NZSIS was already in the midst of "a significant transformation" in operations before Christchurch, "including an increased focus on white identity extremism," the spokesperson explained.

"This transformation has continued, and while we are unable to get into specific details, we can say that our ongoing change has enabled the NZSIS to be more focussed on the identification of previously unknown, new and emerging national security threats."

January 6 prompted a fresh debate on whether a legislative infrastructure is needed for America to truly address its festering far-right problem. Currently, there are no laws specifically criminalizing domestic terrorism, and unlike for Al-Qaeda, ISIS and other Islamist groups, membership of or financial support of right-wing extremist groups is not illegal.

As the FBI told Newsweek: "It's important to note that membership in groups which espouse domestic extremist ideology is not illegal in and of itself—no matter how offensive their views might be to the majority of society. Membership in a group is not a sufficient basis for an investigation."

"The FBI does not and cannot designate domestic terrorist groups," the Bureau added. "The FBI can never initiate an investigation based solely on an individual's race, ethnicity, national origin, religion, or the exercise of First Amendment rights."

Man holding Proud Boys t-shirt in Virginia
A man holds up a "Proud Boys" T-shirt, referring to the far-right political organization that promotes and engages in political violence, near the state Capitol on January 18, 2021 in Richmond, Virginia. Eze Amos/Getty Images/Getty

Four years of nationalism and polarization under former President Donald Trump brought a new cast of right-wing extremists to the fore in the U.S. QAnon groups, Proud Boys, Oath Keepers, Three Percenters, Boogaloo Bois and others have become nationally recognized names.

Some have spread their brand abroad. QAnon groups are springing up across the world, as are groups of white supremacists—who are trying to rebrand as "Western chauvinists"—claiming to be national chapters of the Proud Boys street-fighting group.

Last month, Canada became the first nation to officially proscribe the Proud Boys as a terrorist organization, citing the "pivotal role" of its members on January 6. The listing means law enforcement can now freeze Proud Boys assets and charge its members with terrorist offenses.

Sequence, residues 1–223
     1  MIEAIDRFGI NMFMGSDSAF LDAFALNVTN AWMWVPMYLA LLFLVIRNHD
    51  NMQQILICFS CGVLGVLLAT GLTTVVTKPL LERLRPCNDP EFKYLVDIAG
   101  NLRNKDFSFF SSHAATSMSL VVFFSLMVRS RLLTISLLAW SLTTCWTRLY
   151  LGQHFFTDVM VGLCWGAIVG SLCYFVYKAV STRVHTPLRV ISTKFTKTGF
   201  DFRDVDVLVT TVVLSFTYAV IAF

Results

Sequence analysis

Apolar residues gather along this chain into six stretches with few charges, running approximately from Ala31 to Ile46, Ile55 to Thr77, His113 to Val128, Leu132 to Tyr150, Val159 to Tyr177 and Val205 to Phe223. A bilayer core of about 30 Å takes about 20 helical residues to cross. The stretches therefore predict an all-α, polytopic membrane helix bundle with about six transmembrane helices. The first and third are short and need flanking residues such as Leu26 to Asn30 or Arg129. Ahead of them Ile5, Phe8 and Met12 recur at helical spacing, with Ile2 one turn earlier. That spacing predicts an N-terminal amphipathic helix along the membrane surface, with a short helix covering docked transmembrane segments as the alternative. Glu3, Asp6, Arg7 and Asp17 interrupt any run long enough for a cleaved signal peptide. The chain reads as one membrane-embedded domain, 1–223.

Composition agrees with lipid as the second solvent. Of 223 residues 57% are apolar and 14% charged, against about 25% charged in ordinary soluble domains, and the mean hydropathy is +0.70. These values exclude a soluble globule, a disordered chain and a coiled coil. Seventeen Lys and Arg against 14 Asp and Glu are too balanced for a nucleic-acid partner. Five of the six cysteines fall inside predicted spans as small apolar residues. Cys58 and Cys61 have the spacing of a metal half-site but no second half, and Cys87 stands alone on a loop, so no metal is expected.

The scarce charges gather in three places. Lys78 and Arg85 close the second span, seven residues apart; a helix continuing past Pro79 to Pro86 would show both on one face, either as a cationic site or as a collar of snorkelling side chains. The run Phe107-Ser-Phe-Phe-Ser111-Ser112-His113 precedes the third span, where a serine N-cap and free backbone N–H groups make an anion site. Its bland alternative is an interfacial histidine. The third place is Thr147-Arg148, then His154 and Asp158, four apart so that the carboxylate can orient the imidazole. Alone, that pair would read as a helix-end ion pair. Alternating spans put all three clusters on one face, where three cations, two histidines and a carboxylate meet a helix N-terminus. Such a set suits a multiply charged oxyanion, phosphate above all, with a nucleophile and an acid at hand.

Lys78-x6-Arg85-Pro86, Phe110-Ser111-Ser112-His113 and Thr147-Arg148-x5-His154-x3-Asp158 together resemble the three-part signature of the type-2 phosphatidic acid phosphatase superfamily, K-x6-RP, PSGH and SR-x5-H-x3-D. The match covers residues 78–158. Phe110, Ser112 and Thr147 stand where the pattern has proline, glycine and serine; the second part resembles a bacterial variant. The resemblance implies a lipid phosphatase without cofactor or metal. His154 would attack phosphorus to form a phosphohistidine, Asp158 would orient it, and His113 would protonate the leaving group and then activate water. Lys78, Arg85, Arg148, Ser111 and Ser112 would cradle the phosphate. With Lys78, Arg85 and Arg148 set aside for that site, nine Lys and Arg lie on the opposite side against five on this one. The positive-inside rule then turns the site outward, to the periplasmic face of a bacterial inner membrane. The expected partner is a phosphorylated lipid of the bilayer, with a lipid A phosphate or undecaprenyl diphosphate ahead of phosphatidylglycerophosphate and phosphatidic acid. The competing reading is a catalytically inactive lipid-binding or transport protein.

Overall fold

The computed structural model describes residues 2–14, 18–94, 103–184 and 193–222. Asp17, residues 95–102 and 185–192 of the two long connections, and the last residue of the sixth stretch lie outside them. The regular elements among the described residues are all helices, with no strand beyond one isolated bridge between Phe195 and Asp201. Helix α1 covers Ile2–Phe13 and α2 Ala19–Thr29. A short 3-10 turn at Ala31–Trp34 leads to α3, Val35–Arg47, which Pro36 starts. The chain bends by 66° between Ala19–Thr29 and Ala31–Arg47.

A spokesperson for the Royal Canadian Mounted Police (RCMP) told Newsweek that the threat of "ideologically motivated violent extremist groups"—a blanket term including far-right organizations—"has increased in the country over the past several years."

Along with the Proud Boys, the American neo-Nazi Atomwaffen Division and the Base groups were also listed as terrorist entities by Canadian authorities. Members of the former have committed several murders in recent years, while member of the latter were arrested last year and charged with planning to kidnap Michigan Governor Gretchen Whitmer.

The chaos and economic hardship of the coronavirus pandemic has handed extremists of all stripes an unprecedented recruitment opportunity. The far-right has focused on the Chinese origins of the virus in line with its anti-immigration, white nationalist ideology, while railing against government restrictions on personal freedoms and engaging in anti-vax conspiracy theories.

The RCMP spokesperson said that "certain IMVE threat actors are leveraging the pandemic in an attempt to further their objectives." This includes "trying to use the pandemic to spread disinformation and conspiracy theories, expand recruiting efforts and, in some cases, advocate violence."

January 6 may have been the culmination of years of far-right growth, but it could mark the beginning of a new phase of extremism in the U.S. The battle against the far-right is set to form a significant part of President Joe Biden's domestic security efforts, a focus that is already causing concern in online extremist groups.

Biden's Homeland Security Secretary Alejandro Mayorkas wrote in the Washington Post last month that domestic violent extremism "poses the most lethal and persistent terrorism-related threat to our country today."

"The horror of seeing the U.S. Capitol, one of the pillars of our democracy, attacked on Jan. 6 was a brutal example of our suffering, and it compels us all to action," Mayorkas wrote.

America's friends abroad are watching intently, hoping the Biden administration can do more than his predecessors to stop the flow of toxic far-right ideology to the rest of the world.

Trump supporters fight with Capitol police
Supporters of former President Donald Trump clash with police and security forces as people try to storm the US Capitol on January 6, 2021 in Washington, D.C. Brent Stirton/Getty Images/Getty